By David Morgan
WASHINGTON, April 13 (Reuters) - President Barack Obama's new nominee for health secretary drew some early political fire from Republicans on Sunday in what could foreshadow a stormy election-year confirmation debate in the U.S. Senate over the future of the law known as Obamacare.
Two days after Obama nominated his budget director, Sylvia Mathews Burwell, to head the Department of Health and Human Services (HHS), Republican lawmakers alleged the new nominee could help the White House exert political control over Obamacare enrollment numbers and other data showing how well the reforms are working.
After a disastrous launch last year, the administration's enrollment drive has surpassed the most optimistic independent forecasts by signing up 7.5 million people in private health plans through new online insurance marketplaces.
That number is expected to grow and could approach the 8 million mark as applicants who were unable to complete the process by the March 31 deadline continue to sign up through federal and state-run marketplaces.
The results present a challenge for Republicans, who claim Obamacare is a failure that Americans should reject. They maintain that the actual number of enrollees could be much smaller than the administration's total and many have signed up for Obamacare plans because their original coverage was canceled as a result of the law.
"Burwell is an interesting choice. They know they've got a math problem with Obamacare and the numbers are not going to work out so that the program is actuarially sound," Representative Marsha Blackburn said on CBS' "Face the Nation" program.
"They're going to have to have somebody to kind of spin the numbers and this is something ... I think they're expecting her to be able to do for them," added Blackburn, a senior Republican on the House Energy and Commerce Committee, which oversees healthcare issues.
TOUGHER FIGHT IN SENATE?
Burwell, who would succeed outgoing Health and Human Services Secretary Kathleen Sebelius as the public face of Obamacare, needs to be confirmed by the Senate before she can start the job. She sailed through the Senate last year for her current job as director of the White House Office of Management and Budget (OMB) with a 96-0 confirmation vote.
But Republicans say things may not be so easy this time.
"There is no doubt she was a good choice for OMB. That does not necessarily make her a good choice for HHS," Republican Senator Tim Scott of South Carolina told "Fox News Sunday."
"Will the next secretary have Americans' (interests) first, or will they have the administration's policies and try to carry the water for the president?" he said.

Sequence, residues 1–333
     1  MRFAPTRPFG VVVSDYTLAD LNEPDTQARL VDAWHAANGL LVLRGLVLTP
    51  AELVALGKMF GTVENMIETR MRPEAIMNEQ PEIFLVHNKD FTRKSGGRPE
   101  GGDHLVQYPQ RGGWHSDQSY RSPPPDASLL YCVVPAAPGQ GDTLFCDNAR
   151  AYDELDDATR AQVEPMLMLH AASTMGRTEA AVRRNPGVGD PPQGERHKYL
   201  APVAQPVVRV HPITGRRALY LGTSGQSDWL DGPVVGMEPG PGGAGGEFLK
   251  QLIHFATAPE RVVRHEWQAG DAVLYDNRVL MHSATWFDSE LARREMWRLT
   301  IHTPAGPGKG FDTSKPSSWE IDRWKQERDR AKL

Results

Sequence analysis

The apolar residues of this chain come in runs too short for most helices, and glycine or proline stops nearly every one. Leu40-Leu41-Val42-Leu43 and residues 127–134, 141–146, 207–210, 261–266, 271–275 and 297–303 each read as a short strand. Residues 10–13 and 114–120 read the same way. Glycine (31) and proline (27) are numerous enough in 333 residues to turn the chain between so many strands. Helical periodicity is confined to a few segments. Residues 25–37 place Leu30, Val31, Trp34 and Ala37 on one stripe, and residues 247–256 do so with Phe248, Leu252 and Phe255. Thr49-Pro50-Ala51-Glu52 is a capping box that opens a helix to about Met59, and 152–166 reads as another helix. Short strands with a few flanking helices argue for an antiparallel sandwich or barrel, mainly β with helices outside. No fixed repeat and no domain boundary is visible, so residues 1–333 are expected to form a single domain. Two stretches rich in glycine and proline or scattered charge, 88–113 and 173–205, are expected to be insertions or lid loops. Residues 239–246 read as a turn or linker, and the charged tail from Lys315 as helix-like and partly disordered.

"We are going to have an opportunity to discuss with Director Burwell her approach to making sure that the American people are the primary objective and not politics," Scott added.
Republicans hope to wrest control of the Senate from Democrats in November's midterm elections and see Obamacare's unpopularity as a key lever for attracting independent swing voters and turning out their own base.
But the strong enrollment results have revived Obama's fellow Democrats, who now hope the impending change in leadership at HHS will begin a new chapter for the law and help stave off blistering Republican attacks.
"It probably is a good thing to have a new face going forward," Democratic U.S. Senator Sheldon Whitehouse of Rhode Island said on "Fox News Sunday."
Sebelius, whose tumultuous five-year term became overshadowed by last year's botched rollout, told NBC's "Meet the Press" that she made the decision to step down and told Obama in March, after the enrollment effort had bounced back and was meeting its targets.
"The site actually worked, and the great thing is there's a market behind the site that works even better. People have competitive choices and real information for the first time ever in this insurance market," she said.
Blackburn scoffed at the idea that Sebelius' resignation would quell Republican opposition to the Patient Protection and Affordable Care Act.
"No, it's not going to quiet the controversy, I think it's quite the opposite," the Tennessee Republican said. "What it has done is to elevate some of the concerns." (Additional reporting by Doina Chiacu and Sarah Lynch; Editing by Jim Loney and Meredith Mazzilli)